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September 1967

Transplant of Incus Homograft in the Human

Arch Otolaryngol. 1967;86(3):294-297. doi:10.1001/archotol.1967.00760050296010

IT HAS BEEN my experience that long-term results for improved hearing by using a plastic or other synthetic material to form a columella from the tympanic membrane to the oval window have been unsatisfactory. For cases in which there was no remnant of the ossicular chain, other than the footplate of the stapes, the use of a suitable columella that would approximate the results obtained by transposing the incus was indicated. The improvement in hearing obtained by transposing the incus with the tip of the short process on the oval window and the long process under the neck of the malleous has been satisfactory in 132 procedures performed in the past six years (Table 1). This paper presents the changes in hearing and the histopathologic changes of an incus homograft transplanted in the human ear during reconstructive surgery.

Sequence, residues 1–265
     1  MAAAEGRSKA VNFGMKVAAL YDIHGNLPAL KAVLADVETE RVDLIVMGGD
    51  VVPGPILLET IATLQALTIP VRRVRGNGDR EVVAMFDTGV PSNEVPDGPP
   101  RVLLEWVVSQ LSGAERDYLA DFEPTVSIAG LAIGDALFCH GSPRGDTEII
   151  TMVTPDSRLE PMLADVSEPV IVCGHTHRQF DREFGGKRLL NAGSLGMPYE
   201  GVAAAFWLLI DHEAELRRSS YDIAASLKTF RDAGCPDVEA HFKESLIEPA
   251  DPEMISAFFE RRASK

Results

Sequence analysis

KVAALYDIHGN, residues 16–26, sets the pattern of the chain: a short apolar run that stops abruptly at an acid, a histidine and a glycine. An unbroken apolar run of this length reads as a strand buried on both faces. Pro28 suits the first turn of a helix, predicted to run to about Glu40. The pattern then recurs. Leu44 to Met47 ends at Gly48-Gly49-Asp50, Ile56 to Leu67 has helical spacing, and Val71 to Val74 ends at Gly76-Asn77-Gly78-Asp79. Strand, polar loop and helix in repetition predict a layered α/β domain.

A review of the literature did not reveal

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